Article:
• Robin Martin
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In my last post, I tried to explain why it makes sense to create a targeted pitch list of agents before you start querying to find one.

I realize I forgot to mention that there are unwritten rules, etiquette, if you will, like the fact that you should not query more than one agent in a particular agency. Not knowing this marks you as an amateur and is not good for your reputation. Usually agents specialize, even within an agency. So, a correctly-done targeted pitch list indicates only one agent per.

Sometimes it isn’t necessary to find an agent.

Children’s book authors, for example, can often (though less frequently now a days) pitch their stories directly to publishers. But these pitches also are frequently requested via US Mail. This means a lot of postage and print costs, and sending to any publisher willy nilly will be a real waste of your money. It is necessary to compare the lists at each publisher with your particular project–TARGET the pitch list– before you send it out.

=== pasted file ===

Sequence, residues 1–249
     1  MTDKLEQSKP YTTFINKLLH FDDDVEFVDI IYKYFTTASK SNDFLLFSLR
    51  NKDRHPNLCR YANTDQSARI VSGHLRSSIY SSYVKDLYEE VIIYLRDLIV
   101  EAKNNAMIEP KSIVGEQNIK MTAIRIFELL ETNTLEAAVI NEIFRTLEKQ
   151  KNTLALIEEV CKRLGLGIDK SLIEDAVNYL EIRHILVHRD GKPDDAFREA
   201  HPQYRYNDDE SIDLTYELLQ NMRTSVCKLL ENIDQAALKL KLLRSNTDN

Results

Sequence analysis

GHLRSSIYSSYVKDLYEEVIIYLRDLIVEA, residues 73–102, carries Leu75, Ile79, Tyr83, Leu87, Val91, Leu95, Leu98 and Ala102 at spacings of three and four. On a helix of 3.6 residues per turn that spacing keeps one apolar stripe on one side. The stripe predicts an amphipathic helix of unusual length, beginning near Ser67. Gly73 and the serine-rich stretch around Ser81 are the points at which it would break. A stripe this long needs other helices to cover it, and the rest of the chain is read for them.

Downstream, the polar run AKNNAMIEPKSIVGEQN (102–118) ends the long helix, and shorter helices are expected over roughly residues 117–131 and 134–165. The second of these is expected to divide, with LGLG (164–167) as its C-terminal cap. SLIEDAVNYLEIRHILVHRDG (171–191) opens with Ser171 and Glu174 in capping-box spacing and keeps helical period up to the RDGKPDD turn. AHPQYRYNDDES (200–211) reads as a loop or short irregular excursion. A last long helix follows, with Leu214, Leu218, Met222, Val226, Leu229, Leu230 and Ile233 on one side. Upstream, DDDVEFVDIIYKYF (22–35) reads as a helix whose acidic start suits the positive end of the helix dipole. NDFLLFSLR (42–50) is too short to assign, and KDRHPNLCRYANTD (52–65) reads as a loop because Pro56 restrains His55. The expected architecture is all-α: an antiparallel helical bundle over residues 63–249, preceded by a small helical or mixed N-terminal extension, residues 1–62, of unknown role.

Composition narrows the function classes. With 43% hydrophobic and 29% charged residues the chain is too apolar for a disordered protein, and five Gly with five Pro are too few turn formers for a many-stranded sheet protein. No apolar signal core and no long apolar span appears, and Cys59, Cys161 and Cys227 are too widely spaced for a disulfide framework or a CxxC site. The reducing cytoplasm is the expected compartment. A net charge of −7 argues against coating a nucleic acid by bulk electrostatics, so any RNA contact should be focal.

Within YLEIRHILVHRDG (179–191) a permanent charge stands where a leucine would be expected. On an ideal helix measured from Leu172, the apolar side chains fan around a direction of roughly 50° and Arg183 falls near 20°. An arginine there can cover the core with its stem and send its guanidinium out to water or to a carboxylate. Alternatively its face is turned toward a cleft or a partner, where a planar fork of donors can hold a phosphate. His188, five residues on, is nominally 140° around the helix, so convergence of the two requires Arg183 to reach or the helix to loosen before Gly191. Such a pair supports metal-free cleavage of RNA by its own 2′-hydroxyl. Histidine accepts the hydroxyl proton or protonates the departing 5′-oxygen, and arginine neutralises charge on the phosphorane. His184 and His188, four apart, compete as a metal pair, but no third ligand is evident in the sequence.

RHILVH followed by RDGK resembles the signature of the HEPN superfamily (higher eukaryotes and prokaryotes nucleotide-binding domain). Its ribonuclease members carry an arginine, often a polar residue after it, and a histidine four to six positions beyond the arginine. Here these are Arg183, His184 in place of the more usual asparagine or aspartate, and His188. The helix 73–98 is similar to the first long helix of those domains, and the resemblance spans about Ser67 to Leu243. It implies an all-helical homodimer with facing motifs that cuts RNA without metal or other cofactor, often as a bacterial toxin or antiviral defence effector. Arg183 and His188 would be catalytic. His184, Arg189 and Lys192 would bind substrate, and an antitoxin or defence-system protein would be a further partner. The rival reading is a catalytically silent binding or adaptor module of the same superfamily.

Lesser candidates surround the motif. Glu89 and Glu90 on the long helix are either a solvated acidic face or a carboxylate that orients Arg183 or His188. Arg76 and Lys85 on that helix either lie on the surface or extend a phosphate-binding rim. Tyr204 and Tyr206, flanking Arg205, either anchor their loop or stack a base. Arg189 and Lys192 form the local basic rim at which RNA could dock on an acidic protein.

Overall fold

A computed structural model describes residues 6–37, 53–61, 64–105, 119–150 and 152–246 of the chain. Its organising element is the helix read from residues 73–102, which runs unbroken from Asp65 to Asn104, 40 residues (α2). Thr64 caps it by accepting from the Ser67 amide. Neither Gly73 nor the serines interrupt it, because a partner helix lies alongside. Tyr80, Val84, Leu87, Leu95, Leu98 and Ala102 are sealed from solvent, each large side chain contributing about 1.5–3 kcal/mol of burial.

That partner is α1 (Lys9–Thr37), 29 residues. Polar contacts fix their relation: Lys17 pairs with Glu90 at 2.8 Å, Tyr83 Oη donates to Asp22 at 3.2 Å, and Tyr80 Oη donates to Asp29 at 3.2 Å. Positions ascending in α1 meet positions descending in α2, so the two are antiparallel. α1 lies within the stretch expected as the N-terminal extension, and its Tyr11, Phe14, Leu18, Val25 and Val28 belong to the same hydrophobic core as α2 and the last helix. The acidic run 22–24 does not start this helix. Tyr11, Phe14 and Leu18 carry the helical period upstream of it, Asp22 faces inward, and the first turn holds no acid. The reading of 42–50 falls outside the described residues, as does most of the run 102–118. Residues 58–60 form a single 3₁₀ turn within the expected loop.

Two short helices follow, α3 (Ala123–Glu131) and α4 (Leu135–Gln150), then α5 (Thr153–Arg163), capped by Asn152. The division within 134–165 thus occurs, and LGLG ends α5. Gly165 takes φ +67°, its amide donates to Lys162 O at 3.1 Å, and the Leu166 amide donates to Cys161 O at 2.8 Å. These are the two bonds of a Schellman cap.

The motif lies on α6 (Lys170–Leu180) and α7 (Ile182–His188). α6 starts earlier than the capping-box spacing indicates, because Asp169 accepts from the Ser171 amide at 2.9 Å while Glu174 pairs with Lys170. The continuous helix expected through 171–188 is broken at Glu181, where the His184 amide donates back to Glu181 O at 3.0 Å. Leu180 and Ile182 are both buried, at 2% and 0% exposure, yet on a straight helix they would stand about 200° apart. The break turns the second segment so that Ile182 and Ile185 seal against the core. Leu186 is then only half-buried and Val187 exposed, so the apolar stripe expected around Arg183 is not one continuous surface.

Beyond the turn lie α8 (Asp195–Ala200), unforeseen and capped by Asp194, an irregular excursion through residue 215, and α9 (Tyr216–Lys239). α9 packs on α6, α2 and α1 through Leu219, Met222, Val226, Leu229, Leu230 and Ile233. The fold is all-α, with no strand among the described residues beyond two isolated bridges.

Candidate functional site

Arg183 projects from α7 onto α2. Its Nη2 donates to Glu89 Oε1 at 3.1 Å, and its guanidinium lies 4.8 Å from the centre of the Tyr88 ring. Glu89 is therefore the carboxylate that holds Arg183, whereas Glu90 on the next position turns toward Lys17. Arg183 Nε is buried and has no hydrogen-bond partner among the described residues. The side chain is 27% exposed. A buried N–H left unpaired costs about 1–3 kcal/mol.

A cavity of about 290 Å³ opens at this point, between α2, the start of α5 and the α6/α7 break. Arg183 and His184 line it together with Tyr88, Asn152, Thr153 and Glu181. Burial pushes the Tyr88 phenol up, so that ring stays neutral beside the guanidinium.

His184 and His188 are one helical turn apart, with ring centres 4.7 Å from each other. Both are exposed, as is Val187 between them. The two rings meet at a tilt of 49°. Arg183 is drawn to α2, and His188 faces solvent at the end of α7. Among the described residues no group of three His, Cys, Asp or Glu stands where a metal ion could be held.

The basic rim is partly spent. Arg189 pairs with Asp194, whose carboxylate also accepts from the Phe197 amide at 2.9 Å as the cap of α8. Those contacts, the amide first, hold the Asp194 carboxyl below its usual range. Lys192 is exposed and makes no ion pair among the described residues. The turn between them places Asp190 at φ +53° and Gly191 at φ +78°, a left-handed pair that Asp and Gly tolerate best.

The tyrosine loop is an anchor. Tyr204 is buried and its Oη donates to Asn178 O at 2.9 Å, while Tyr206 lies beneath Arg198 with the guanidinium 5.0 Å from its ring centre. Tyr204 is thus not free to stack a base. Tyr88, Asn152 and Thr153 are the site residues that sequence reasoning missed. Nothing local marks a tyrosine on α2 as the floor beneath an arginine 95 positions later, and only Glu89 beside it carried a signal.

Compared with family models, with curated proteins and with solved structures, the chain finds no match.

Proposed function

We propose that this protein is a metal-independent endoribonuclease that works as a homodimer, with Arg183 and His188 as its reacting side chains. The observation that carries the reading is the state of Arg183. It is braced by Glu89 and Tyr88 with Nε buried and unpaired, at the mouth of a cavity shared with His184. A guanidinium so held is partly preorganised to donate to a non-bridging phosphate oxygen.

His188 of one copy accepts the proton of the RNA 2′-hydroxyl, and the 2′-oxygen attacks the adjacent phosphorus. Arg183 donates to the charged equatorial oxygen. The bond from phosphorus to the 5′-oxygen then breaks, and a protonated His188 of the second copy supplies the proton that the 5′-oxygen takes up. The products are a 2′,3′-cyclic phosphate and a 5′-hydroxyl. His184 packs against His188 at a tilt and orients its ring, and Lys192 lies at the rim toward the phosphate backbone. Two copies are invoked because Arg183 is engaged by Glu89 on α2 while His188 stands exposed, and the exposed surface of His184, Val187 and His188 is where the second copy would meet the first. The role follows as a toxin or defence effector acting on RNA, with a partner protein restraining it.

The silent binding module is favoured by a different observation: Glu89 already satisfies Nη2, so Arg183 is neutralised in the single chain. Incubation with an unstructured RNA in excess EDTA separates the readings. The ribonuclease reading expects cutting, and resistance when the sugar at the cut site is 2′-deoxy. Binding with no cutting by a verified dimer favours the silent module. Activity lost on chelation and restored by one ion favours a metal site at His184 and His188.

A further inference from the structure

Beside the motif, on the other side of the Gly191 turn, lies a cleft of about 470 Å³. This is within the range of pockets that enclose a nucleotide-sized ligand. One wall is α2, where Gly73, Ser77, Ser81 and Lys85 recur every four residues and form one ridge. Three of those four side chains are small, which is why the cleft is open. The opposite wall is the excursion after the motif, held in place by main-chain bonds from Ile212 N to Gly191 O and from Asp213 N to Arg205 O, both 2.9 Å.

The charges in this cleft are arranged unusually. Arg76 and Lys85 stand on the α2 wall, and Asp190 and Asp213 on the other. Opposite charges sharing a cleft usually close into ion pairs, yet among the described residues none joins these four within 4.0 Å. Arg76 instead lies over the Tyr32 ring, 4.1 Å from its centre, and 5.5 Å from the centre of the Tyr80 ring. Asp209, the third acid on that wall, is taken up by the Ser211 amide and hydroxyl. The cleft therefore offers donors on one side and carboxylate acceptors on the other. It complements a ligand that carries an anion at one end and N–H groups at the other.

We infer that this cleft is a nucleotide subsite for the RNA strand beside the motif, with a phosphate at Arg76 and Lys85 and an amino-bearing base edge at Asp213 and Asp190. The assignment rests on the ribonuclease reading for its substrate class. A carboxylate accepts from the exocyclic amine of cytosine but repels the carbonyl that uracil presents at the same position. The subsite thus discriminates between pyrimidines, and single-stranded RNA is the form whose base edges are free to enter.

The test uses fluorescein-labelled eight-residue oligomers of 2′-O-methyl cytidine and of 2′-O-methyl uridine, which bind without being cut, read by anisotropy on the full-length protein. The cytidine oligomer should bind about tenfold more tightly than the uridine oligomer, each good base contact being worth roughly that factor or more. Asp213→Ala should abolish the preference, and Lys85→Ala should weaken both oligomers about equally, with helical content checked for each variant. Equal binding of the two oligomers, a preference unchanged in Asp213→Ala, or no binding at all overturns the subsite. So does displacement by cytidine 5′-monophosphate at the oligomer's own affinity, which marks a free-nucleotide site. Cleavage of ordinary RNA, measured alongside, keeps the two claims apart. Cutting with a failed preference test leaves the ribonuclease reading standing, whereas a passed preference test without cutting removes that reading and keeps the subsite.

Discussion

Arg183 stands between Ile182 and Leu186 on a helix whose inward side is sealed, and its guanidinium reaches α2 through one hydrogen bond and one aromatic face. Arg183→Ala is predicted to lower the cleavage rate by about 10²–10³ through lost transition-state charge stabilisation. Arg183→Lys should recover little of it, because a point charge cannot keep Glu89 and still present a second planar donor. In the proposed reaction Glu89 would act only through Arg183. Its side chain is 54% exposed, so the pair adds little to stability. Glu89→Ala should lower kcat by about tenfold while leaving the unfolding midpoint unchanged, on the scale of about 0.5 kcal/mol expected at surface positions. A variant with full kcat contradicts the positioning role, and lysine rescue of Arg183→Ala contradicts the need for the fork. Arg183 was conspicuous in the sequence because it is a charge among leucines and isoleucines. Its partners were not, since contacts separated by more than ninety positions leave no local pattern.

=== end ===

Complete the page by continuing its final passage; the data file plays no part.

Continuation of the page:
You need to have a targeted pitch list for your queries, to save money, time, frustration, and–really–reputation

I have been working creating children’s book publisher lists and letters since one of my earliest clients. It is amazing how frequently publishers go out of business, or- here’s a tricky one- switch to a vanity publishing platform. And just as amazing how long-standing ones manage to find one great author and illustrator after another. Why couldn’t it be you? It’s a matter of finding the perfect fit for their catalogue.

There is much to add, but I think I’ve said enough, at least for now. I don’t want to bore you.

Author: Robin Martin

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